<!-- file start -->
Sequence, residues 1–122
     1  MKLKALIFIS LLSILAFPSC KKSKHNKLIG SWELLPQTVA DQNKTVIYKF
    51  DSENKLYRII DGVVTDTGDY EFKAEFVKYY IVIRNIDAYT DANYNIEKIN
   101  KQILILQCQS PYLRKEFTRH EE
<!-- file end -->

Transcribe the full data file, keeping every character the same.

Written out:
Sequence, residues 1–122
     1  MKLKALIFIS LLSILAFPSC KKSKHNKLIG SWELLPQTVA DQNKTVIYKF
    51  DSENKLYRII DGVVTDTGDY EFKAEFVKYY IVIRNIDAYT DANYNIEKIN
   101  KQILILQCQS PYLRKEFTRH EE